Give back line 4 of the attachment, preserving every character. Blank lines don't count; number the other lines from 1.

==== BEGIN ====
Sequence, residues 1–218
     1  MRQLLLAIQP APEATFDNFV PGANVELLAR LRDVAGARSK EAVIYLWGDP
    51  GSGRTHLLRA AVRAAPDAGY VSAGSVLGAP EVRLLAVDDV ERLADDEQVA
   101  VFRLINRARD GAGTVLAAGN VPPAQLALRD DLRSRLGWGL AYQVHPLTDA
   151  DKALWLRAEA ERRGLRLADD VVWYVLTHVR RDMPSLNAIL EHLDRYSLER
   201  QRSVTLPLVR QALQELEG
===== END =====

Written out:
   101  VFRLINRARD GAGTVLAAGN VPPAQLALRD DLRSRLGWGL AYQVHPLTDA